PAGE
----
Our listeners sensed and shared the urgency, so the fund drive was over in s few days and the money received exceeded the pledges made. There were no premiums offered, nobody was invited to buy an expensive meal with a "star" or offered a miracle cure. The only scare tactic was a very real one: the prospect of losing New York's voice in the wilderness: WBAI-FM.

Today, it is all about gimmicks. "The Program is the Premium" sounds great, but it becomes meaningless when most of the programs are substandard by any measure. WBAI's audience, already drastically reduced, realized that, so the February fund drive hit an all-time low, another interim Program Director was disposed of and the station was again turned over to Gary Null's business ventures.

Apart from the deplorable quality of its stagnant programming, WBAI has lost all respect as the paint peeled off and the true nature of management, Foundation, and board-seated cronies formed a sharp, ugly picture.

It is just a matter of time before this house of cards collapses. We should all hope that all parties responsible disappear and that the new ownership at least gives the reborn station a semblance of the dignity many good people tried hard to maintain.  


  1. There's a sense of a part of the New York radio community's response to the situation with respect to WBAI and Pacifica on the New York Radio Message Board:

    ~ indigopirate

    1. Very interesting, though not surprising. Thank you Indigo.

  2. Listen to the KPFT Meeting it's like children trying to get extra ice cream at a party, WBAI is so done it's burnt and dried.

  3. Please bear in mind that it's not simply a KPFT meeting, it's a meeting of the Pacifica National Board.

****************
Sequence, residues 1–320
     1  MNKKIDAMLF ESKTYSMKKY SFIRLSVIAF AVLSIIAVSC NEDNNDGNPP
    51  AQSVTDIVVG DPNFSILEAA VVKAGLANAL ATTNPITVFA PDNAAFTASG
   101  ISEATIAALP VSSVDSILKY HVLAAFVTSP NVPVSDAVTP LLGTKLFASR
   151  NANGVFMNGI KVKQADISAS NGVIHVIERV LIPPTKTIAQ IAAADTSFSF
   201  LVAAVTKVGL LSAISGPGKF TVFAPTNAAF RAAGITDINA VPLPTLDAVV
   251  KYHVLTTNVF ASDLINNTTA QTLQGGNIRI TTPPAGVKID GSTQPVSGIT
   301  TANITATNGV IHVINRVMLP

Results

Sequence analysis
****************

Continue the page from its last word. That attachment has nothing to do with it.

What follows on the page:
With respect: I disagree with your comparison to children and ice cream. I think it's *literally* the case that children, quarrelsome as they sometimes are, and with their limited self-control if they're extremely young, tend to do a far better job than this.

    I agree with your overall 'burnt and dried' judgement.

    If anyone ever wonders why this place (all of it, not just WBAI) is fucked up and dying, all they need to do is listen to a few minutes of this, accompanied by the observation that any random five-minute sample is representative of the entire 3+ hours in which nothing is accomplished – while they're staring at their final doom, which is ever nearer.

    So much for the romantic notion that given a desperate crisis people will prioritize and pull together – or at least not fall ever further apart.

    With perhaps two or three exceptions these are loathsome and dysfunctional people.

    ~ 'indigo, pirate'

  4.;md=read;id=204873 R. Paul Martin says he is throwing up his hands. He threw up his hands a long time ago and refused to do anything for producers and staff.

  5. I went on the radio discussion forum and pulled this bit of sweet Intel. Sheds light on the severance pay, the power and influence that Reimers wields, and the octopus-like behavior of the Pacifica and the favored status of KPFA/Berkley. Read this here: